Haiti Gang boss threatens to kill missionaries abducted by him

A notorious Haitian gang is accused of kidnapping 17 missionary workers from the United States. He has threatened to kill them if he doesn't meet his demands.

Haiti Gang boss threatens to kill missionaries abducted by him

Wilson Joseph, a gang leader, said that "I swear by thunder" if I don’t get what I ask for, he will shoot at these Americans in a video posted to social media on Thursday.

Officials stated that the 400 Mawozo Gang was asking for $1 million per kidnapper, but it wasn't clear whether that included five children, one of whom was an 8-month old. Along with their Haitian driver, 16 Americans and one Canadian were taken hostage.

Joseph threatened Ariel Henry, Prime Minister of Haiti, and the Haitian National Police Chief as he spoke before open coffins. These coffins apparently contained several members of Joseph's gang that were recently murdered.

"You guys make my cry. I cry water. He said, "But I'm going make you guys drink blood."

Henry's office later announced that Leon Charles, Haiti's National Police chief, had resigned and was being replaced by FrantzElbe. Le Nouvelliste reported that Elbe was the director of the South East Nippes police departments and was previously the general security coordinator at National Palace, when Jocelerme Privert was interim president.

Henry stated, "We want public peace restored, that normal life is resumed and that democracy is reestablished."

Charles and Elbe did not immediately comment.

Missionaries were taken hostage Saturday while visiting an orphanage. They were with Ohio-based Christian Aid Ministries. A news conference was held before Joseph's video was posted.

Weston Showalter, spokesperson for the religious group, stated that the kidnapped families are from Amish and Mennonite communities in Ohio and Michigan. He also said that the families were from Ontario, Canada. The families were not identified but he read them a letter in which they stated that God had given their loved ones the opportunity to live up to the Lord's command to Love Your Enemies.

The group invited others to pray for the kidnappers and those who were kidnapped, and expressed gratitude for any help they received from "people that have knowledge and experience in dealing with such situations".

Showalter stated, "Pray for these family members." They are in a difficult place."

Later, the organization issued a statement stating that it would not comment upon the video.

The death threat by the gang leader added to the already intense worry in Holmes County, Ohio where Christian Aid Ministries is located. This county has one of the largest concentrations of conservative Mennonite, Amish and related groups. Many of these groups have donated to the organization or volunteered at its warehouse.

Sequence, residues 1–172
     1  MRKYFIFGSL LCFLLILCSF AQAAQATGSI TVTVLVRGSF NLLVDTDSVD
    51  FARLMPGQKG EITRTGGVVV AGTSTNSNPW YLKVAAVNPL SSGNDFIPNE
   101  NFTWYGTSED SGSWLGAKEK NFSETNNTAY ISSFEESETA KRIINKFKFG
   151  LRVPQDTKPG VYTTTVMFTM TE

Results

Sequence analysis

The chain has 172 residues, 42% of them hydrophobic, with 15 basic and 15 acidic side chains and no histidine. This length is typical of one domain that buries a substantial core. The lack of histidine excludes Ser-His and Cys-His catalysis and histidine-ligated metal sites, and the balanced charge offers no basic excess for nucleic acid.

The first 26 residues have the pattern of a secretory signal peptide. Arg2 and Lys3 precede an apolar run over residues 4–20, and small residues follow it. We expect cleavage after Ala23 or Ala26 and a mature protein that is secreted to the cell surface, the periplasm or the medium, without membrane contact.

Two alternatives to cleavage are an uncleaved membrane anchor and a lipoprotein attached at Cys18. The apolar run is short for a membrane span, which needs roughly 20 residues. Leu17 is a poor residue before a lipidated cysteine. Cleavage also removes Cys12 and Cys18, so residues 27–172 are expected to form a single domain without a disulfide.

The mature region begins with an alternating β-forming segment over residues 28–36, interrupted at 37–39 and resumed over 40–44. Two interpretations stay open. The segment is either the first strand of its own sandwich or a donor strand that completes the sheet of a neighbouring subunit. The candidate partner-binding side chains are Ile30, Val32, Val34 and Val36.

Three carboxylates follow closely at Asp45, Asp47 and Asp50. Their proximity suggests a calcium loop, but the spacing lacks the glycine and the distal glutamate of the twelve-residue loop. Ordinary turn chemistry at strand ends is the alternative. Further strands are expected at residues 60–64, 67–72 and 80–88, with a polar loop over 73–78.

Marcus Yoder, the executive director of Amish & Mennonite Heritage Center Millersburg, stated that while many people feel helpless in their community, they also recognize the power and power of prayer. He included the Anabaptist belief of nonresisting violence.

According to Haiti's Office of Citizen Protection, the missionaries were also kidnapped by a gang. The ransom was paid, but a ransom had not been paid for a Haitian pastor kidnapped earlier in the month.

According to the office, criminals operate with impunity and attack all members of society.

UNICEF announced Thursday that 71 children and 30 women have been abducted so far this year, surpassing last year's 59 kidnappings and 37 children. The agency stated that they represent one-third of the 455 kidnappings this year.

Jean Gough, UNICEF's regional director for Latin America, stated that "nowhere is safe anymore for Haitian children." Girls and boys can be kidnapped anywhere at any hour of the day, whether they are on their way home, to school, or to church.

In Haiti's capital, hundreds of protestors blocked roads and set fire to tires to protest fuel shortages and an increase in insecurity. They also demanded that the prime minister resign.

Officials claim that the kidnappings were not the only reason. They also blocked gas distribution terminals and stole supply trucks. This has caused a shortage of fuel. Digicel Haiti's CEO announced this week that 150 out of 1,500 of its 1,500 branches are running out of diesel.

Alexandre Simon, a French and English teacher, stated that he was protesting the terrible conditions faced by Haitians.

He said, "There are many people who can't eat." "There is no work... There are many things we don’t have.

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